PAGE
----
Text Box: PIAnist autographs


Phone: 212-860-5541


Price: $250.00



Autographed sentiment of thanks to Berlin critic and musicologist Dr. Arno Huth on a 8.25” x 10.5” linen textured stock correspondence paper. We offer with a 5” x 7” semi-gloss sepia tone photograph for display.

Lévy (1895 - 1981) was one of the most original pianists of the 20th Century.  His originality led him to the cult status he holds today and his autographs happen to be exceedingly rare.  In our business which is pianist-centric, this is only the second time we have offered a Lévy in over 20 years.

The pianist made his first appearance as a prodigy with orchestra performing the Haydn Piano  Concerto # 11 in D major. He was trained at the Basel Conservatory by pianist Egon Petri and the Swiss composer and conservatory director, Hans Huber. He then went on to Paris to study with Raoul Pugno.  Pugno was also a revelatory pianist, so they were an excellent fit. After study with Pugno, he was hired in 1917 to return to Basel to be the Director of the piano master class program. Lévy moved to Paris in 1921 where he set himself up as a concert pianist, pedagogue and composer.  In addition to his other duties, in 1928 he founded the Choeur Philharmonique in Paris where he served as music director and conductor.  The Choeur shared Lévy’s special interest in the works of Brahms and Liszt.

Lévy and his family left France for the United States in the Fall of 1941, after France had been overrun by Germany. He came with an appointment as Professor of piano, composition and conducting at the New England Conservatory in Boston.  He remained there for the duration of the War, moving to Bennington College in Vermont where he taught from 1946-1951, then on to The University of Chicago from 1951-1954, The Massachusetts Institute of Technology from 1954-1959 and Brooklyn College from 1959-1966.  His frequent changes of institutions was due to his desire to marry instrumental teaching with philosophy, musicology and theory.  Though he was eventually successful at the University of Chicago, it was not until the end of his tenure there; the university administrations typically disapproved of the concept. He retired from teaching in 1966 and returned to Switzerland for the remainder of his life. 

Lévy was a polymath and iconoclast, a virtuoso pianist, a philosopher, a prolific composer, pedagogue, alpinist and a master carpenter.  He excelled at virtually anything he set his mind to accomplishing and the only thing that potentially curtailed his career a bit were two world wars in which he did no participate as he was Swiss. 

As a pianist, Lévy’s recitals were rare and therefore well attended. His recordings were looked upon as something special and preceded his live performances for many who attended his recitals.  Like Sofronitsky, he was a recitalist and his approach was considered revelatory and deliberate.  The pianists’ particular concentration was Romantic piano literature, mostly Beethoven and Liszt, however, his discography, recitals and concerts also included music by Brahms, Franck, Haydn, Mozart, Schumann and Schubert, as well as his own compositions.  His recording of Liszt’s “Bénédiction de Dieu dans la solitude” is considered by many of the cognoscenti, the greatest performance of the work on records.  His Beethoven sonatas are also particularly revered for their originality.  But to me, his performance of the Liszt B Minor Sonata on Unicorn Records is one of the single greatest recordings of the work. The reading is romantic, deliberate, ethereal and technically brilliant as he makes the piano sing like an orchestra; likely as Liszt would have approached it himself.  His teacher, Egon Petri’s various recordings of the work as great as they are, do not touch this Lévy reading.  Ward Marston has released 5 sets of the pianists solo piano recordings.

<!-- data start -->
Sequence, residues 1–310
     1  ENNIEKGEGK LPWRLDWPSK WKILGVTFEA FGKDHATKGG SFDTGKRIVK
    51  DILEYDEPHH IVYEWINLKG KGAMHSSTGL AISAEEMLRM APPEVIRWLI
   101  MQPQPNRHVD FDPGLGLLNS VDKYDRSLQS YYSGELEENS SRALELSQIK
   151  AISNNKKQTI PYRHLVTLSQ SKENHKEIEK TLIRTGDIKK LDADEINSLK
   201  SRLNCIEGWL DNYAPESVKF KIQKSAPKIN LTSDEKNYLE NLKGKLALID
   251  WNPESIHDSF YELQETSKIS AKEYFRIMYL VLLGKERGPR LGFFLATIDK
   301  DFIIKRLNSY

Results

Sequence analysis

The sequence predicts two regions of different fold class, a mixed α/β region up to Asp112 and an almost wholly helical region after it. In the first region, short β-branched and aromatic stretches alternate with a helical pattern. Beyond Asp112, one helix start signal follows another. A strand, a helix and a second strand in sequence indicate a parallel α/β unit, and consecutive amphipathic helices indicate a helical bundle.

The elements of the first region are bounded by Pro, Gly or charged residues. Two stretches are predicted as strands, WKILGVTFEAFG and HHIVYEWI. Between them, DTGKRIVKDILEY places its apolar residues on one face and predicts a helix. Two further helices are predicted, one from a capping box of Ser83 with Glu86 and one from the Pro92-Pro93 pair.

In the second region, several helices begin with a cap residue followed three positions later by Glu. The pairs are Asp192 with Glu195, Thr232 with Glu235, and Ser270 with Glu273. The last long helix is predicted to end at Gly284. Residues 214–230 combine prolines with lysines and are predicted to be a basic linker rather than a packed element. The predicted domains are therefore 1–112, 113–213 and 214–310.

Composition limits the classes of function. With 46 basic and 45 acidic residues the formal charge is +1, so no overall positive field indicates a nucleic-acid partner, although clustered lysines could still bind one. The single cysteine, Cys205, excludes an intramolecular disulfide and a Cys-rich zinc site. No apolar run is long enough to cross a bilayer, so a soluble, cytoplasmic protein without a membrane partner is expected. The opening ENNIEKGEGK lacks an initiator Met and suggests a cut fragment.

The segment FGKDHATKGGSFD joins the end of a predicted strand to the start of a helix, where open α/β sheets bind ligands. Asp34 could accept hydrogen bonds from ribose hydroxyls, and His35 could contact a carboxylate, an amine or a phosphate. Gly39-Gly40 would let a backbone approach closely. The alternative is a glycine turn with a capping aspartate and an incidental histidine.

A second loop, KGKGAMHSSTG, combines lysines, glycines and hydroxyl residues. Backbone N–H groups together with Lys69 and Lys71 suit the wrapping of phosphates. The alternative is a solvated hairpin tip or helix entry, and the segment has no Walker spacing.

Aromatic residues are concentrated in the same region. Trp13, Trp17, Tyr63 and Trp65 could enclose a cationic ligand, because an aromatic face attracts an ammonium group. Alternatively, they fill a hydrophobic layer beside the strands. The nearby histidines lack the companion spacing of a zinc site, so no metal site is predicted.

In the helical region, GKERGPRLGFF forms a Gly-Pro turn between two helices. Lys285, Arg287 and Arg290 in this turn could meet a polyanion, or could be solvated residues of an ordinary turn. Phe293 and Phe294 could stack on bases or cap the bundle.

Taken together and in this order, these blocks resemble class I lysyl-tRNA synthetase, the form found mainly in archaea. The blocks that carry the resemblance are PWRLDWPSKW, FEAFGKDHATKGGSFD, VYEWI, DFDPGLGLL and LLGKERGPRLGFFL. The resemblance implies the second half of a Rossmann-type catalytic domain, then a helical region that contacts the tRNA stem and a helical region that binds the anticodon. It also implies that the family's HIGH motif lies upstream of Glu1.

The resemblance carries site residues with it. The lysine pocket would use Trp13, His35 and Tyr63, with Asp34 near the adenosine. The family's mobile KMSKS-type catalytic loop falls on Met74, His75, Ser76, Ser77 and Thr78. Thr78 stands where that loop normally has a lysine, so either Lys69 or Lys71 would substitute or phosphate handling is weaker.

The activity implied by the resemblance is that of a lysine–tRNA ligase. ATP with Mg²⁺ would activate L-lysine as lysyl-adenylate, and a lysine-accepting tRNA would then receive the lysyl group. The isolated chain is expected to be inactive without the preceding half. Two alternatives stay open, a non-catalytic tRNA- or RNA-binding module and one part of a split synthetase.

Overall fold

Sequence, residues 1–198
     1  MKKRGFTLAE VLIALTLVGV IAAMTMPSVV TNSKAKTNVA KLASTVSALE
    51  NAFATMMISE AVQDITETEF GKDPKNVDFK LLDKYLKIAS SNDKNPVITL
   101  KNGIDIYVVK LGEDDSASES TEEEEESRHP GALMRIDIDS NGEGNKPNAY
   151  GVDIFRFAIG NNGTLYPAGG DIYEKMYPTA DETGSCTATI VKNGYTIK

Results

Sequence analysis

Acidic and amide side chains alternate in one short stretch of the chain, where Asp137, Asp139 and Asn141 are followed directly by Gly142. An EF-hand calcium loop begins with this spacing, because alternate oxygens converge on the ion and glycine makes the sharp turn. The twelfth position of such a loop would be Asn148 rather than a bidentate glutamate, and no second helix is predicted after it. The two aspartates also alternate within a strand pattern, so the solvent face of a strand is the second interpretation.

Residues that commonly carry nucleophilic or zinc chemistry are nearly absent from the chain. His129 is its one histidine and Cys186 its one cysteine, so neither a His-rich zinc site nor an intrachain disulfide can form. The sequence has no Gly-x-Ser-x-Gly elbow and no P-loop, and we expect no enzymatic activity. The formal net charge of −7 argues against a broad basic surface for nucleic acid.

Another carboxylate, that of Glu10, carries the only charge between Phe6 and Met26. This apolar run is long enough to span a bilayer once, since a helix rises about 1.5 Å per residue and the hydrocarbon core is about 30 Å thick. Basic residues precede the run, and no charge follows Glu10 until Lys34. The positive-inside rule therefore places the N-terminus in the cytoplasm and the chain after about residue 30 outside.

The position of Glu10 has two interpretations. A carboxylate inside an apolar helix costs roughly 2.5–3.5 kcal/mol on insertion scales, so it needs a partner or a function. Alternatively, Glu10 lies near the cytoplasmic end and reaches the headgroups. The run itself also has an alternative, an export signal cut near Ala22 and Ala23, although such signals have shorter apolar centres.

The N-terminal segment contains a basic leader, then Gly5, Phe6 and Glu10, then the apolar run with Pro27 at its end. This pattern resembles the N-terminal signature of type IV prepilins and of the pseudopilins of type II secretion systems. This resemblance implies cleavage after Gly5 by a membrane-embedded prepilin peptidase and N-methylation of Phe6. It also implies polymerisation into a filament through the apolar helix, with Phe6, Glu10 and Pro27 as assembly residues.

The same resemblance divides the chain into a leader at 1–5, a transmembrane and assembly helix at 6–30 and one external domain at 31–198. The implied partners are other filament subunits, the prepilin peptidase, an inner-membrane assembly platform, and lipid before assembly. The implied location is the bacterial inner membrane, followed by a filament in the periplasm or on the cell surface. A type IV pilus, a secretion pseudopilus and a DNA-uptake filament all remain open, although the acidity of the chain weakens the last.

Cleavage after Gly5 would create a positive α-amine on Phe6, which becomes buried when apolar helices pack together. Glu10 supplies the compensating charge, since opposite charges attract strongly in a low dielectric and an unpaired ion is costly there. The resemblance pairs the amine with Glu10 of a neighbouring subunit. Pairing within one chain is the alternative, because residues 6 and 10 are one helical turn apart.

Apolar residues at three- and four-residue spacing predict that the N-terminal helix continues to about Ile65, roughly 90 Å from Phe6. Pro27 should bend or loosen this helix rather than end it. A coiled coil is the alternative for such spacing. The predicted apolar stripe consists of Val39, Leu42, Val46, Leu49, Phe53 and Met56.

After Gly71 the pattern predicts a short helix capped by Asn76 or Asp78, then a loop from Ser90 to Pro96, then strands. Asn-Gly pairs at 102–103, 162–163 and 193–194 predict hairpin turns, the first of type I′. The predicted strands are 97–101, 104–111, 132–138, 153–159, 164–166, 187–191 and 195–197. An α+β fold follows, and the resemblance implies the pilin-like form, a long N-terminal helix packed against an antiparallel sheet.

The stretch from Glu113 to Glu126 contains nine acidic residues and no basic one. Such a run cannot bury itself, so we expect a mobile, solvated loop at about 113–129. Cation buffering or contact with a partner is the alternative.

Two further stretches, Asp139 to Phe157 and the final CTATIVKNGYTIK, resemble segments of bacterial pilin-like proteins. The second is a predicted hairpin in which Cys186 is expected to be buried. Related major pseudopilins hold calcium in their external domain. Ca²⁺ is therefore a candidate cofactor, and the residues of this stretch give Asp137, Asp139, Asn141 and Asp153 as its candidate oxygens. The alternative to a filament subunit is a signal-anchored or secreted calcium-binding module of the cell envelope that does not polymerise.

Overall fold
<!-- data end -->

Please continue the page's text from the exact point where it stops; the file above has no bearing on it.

Lévy as a composer was extremely prolific, 15 symphonies, though all but three are in a single movement. (Following Liszt and Weber’s model)  Written between 1920 and 1965, most were recorded, some fairly recently, but rarely played anywhere in the world.  He wrote early on as an extension of romanticism, but as he aged, the works became more complex and modern, however, never atonal.  He was a believer in whole tone music.  He also composed four suites for orchestra, concertos for trumpet, bassoon, violin and cello.  A large amount of chamber music, both solo instrumental with piano and other configurations including quartets, quintets etc.  He wrote solo piano music including seven piano sonatas and three violin sonatas.  The bulk of his other works were songs and 9 cantatas.  Lévy wrote his compositions to please himself, rather than commissioned works to please the powers that be.  His work as pianist and professor supported his family.

A truly scarce autograph of a remarkable pianist and also composer.